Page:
Using Microfinancing To Help Alleviate US Poverty
With the income gap at its highest in many years, several organizations are looking at what worked for the developing world and applying it to the richest country on Earth.
Kecia Lynn has worked as a technical writer, editor, software developer, arts administrator, summer camp director, and television host. A graduate of Case Western Reserve University and the Iowa Writers' Workshop, she is currently living in Iowa City and working on her first novel.
What's the Latest Development?
The popular microlending site Kiva, which enables individuals to loan as little as $25 to people in developing nations, has launched a new venture, Kiva Cities, that will do something similar for American owners of small businesses. They plan to partner with local groups and others to give the kinds of small loans (under $50,000) that most banks don't bother handling. So far, they've established programs in five cities, including Detroit and Little Rock. According to Kiva executive Jason Riggs, "We help create the tipping point for young small companies so they can move up the financial access ladder."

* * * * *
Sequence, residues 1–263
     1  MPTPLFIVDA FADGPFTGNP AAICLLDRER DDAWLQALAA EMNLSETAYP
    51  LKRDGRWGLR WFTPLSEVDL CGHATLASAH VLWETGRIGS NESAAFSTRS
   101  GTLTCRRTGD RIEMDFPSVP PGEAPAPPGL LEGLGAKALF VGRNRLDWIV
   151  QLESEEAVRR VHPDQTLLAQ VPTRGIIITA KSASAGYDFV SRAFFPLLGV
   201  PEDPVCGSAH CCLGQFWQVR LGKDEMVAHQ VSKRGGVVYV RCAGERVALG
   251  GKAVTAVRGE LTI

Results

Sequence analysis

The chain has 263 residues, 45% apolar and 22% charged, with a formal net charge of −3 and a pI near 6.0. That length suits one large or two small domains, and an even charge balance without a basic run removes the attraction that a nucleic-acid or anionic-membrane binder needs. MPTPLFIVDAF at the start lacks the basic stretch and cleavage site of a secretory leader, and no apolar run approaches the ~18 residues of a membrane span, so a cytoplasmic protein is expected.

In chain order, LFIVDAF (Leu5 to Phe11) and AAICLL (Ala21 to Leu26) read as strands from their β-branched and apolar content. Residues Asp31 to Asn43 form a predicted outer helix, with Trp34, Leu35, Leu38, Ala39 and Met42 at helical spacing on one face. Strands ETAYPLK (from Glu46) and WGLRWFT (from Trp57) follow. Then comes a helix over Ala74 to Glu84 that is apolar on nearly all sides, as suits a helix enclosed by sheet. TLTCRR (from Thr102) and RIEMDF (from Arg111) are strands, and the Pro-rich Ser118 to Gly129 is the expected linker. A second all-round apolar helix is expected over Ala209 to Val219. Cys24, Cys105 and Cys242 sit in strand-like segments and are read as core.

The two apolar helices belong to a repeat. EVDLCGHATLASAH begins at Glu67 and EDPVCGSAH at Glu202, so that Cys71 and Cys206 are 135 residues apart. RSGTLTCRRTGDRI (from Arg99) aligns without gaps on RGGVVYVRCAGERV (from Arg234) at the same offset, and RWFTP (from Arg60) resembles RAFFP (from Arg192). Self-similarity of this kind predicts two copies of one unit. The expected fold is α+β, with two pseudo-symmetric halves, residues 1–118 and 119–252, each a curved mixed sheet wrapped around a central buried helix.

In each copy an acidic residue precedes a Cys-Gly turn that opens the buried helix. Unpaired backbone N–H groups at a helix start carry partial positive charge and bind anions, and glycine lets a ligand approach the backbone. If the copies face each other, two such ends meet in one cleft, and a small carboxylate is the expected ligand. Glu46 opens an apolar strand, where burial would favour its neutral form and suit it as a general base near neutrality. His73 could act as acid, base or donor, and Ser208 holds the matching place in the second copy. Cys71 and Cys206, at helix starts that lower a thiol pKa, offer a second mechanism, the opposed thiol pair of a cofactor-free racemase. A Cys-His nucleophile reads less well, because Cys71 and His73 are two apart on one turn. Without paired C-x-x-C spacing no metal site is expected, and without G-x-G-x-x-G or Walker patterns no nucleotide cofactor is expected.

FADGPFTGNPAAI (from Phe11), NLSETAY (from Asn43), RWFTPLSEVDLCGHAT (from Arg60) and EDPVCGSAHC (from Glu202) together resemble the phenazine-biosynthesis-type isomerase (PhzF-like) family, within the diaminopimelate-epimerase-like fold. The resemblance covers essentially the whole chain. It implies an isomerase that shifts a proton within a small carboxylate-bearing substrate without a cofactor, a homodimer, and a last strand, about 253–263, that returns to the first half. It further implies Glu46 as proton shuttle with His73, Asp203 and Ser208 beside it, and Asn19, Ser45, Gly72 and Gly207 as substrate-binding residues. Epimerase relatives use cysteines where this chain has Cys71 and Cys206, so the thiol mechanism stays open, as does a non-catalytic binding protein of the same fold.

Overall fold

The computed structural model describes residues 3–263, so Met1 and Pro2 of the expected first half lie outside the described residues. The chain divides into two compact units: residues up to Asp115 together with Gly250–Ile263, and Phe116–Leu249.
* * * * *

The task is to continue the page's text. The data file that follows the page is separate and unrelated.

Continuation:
What's the Big Idea?
The income gap between rich and poor has become so pronounced in the last few years that organizations that were pioneers in providing financial assistance to poor people in developing nations are now turning their focus to the US. Another microfinancing institution, Grameen Bank, got its start helping Bangladesh's rural poor, and currently has 11 branch offices in several American cities under its Grameen America brand, with six more scheduled to open this year. Their loans, averaging about $1,500, are mostly being given to people with very little except "an idea, dream, and desire to help themselves," says CEO Stephen Vogel. "The poor, no matter where they live, have the same issues if they live in Bangladesh or New York City."
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